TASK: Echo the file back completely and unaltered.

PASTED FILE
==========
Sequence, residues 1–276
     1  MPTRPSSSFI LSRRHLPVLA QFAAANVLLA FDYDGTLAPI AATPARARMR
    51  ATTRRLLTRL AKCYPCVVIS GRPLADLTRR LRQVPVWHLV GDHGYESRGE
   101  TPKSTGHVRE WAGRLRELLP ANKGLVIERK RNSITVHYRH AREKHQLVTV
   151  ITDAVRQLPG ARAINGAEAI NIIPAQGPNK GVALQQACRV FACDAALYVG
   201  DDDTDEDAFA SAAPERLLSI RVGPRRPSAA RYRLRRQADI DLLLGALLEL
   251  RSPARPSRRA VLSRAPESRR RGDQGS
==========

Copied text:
Sequence, residues 1–276
     1  MPTRPSSSFI LSRRHLPVLA QFAAANVLLA FDYDGTLAPI AATPARARMR
    51  ATTRRLLTRL AKCYPCVVIS GRPLADLTRR LRQVPVWHLV GDHGYESRGE
   101  TPKSTGHVRE WAGRLRELLP ANKGLVIERK RNSITVHYRH AREKHQLVTV
   151  ITDAVRQLPG ARAINGAEAI NIIPAQGPNK GVALQQACRV FACDAALYVG
   201  DDDTDEDAFA SAAPERLLSI RVGPRRPSAA RYRLRRQADI DLLLGALLEL
   251  RSPARPSRRA VLSRAPESRR RGDQGS